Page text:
The story is narrated by eight year old Scout, formally named Jean Louise, who unaware of the complex working of human society has a very straightforward and unbiased opinion of things. This adds a touch of humor and irony to the entire story. Her way of looking at things in a very simplistic manner, helps us attain an insight into how man has made life complicated by creating a difference in the likes of human beings.
It all starts off with Scout explaining to us about how Jem, her elder brother broke his elbow. As Jem and Scout vary in their accounts of how it all happened, Scout tells us the whole lot of it, from the very beginning. And somewhere along the way, we end up knowing a lot more than just a broken elbow. The author handles the sensitive issue of racism and discrimination in a very skillful and almost humorous way, laced with innocence and clear, unpolluted thoughts of the children, while stirring up the reader’s heart and conscience.
The story is set in the 30’s of Southern America, when racism and suppression of the colored people was prominent. In the small little Maycomb County, Alabama, Atticus Finch the attorney for state who also happens to be Scout and Jem’s father is handed a controversial case of an innocent black man, charged with the rape of a white woman. As things proceed, the kids transit from a state of confusion as to what’s happening, to that of understanding and a clear resolve for justice. Their unprejudiced minds, and inquisitive hearts, also probe into the lives and minds of the rest of the townsfolk who tend to suppress their more rational and just thoughts about the issue, for the sake of keeping up the façade of white dominance.
The townsfolk, with quite a lot of prejudice, come to a mutual conclusion that it is but right that the black man be convicted of the felony. But Atticus Finch , who truly believes that cheating a black man, is ten times worse than cheating a white man, does his very best to win the case. The title of the book comes from something Atticus says to the kids, when they get air rifles on Christmas. He says, that his father had once told him, “Shoot all the Bluejays you want, if you can hit ’em, but remember it’s a sin to kill a mockingbird” (here the mocking bird signifies the black man). He explains to the kids, that likewise, convicting an innocent black man, based on his colour, would be a grave sin as well.
Another instance, which makes us realize the simplicity of life, which we ourselves complicate, is when Jem and Scout are having a conversation over what different sorts of people exist and Jem reckons there are 4 kinds. And naïve Scout, mumbles to herself “I think there is just one kind of folks. Folks”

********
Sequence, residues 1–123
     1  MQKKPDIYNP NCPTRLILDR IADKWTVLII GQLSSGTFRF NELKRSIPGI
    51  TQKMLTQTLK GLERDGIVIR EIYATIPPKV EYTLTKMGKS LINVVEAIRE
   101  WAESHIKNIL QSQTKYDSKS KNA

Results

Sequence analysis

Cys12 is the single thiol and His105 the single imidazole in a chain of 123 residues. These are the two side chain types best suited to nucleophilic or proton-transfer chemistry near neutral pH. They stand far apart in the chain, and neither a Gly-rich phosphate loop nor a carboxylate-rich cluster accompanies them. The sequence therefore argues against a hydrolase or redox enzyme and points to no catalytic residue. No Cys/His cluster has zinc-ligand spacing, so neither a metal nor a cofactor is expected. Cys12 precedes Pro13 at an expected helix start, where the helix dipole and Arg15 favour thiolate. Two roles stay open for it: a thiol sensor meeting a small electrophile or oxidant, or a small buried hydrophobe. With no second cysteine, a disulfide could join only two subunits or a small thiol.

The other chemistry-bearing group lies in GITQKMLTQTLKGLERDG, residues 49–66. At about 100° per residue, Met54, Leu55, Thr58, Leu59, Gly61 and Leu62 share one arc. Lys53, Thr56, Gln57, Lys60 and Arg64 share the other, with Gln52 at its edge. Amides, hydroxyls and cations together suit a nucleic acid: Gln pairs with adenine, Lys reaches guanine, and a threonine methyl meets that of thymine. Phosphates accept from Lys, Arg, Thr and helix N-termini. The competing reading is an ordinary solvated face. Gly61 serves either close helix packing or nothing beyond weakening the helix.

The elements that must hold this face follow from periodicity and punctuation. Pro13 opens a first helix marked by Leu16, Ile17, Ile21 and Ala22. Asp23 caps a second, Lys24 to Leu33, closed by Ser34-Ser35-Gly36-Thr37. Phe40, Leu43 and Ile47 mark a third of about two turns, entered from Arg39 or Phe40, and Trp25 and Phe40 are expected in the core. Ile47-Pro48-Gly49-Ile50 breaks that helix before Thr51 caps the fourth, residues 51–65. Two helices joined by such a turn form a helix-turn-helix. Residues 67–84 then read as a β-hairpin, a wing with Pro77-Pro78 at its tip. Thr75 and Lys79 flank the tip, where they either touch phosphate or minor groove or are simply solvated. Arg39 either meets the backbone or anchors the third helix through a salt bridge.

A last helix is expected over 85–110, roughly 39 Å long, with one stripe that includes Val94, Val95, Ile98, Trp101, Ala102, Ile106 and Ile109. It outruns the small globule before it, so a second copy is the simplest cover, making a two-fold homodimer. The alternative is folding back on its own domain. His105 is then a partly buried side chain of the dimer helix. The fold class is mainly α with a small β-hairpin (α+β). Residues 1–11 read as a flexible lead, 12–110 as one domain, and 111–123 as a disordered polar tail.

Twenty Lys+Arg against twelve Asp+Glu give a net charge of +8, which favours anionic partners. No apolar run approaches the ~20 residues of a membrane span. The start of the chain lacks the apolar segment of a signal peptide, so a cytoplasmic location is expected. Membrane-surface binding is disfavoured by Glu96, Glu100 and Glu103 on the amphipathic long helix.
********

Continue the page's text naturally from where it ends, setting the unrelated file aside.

And then there is Boo Radley, a character who confines himself to the boundaries of his house and is a mystery to all others. But as Jem and Scout begin to uncover the ugly reality of the society, Jem begins to understand Boo Radley. He says, that maybe it isn’t all that strange that someone would want to stay out of the mess of humanity as it would be much simpler that facing the cruel world.
The author has woven a very simple, yet an amazing storyline. The pure and innocent narration and conversations by the kids, about serious adult conflicts, tend to make us come to our senses about we have made out of this world. Whatever happened to the phrase, ‘all are equal’? .What is the motive behind such biased and unfair treatment towards a certain kind or sect of people? Why does color or origin have anything to do with how you are treated and respected in the society? This and very many other such questions arise when you read the book. But as the story comes to an end, the reader will surely have a much clearer mind about these issues as the raw opinions and uncomplicated thought process of the kids is laid bare for us to go through and contemplate upon.
I sincerely hope that everyone covets the opportunity to cleanse yourself of any sort of prejudice that might be lingering in some forgotten corner of your mind. And this book, will surely serve as a tool for that job.
II PPES ‘O’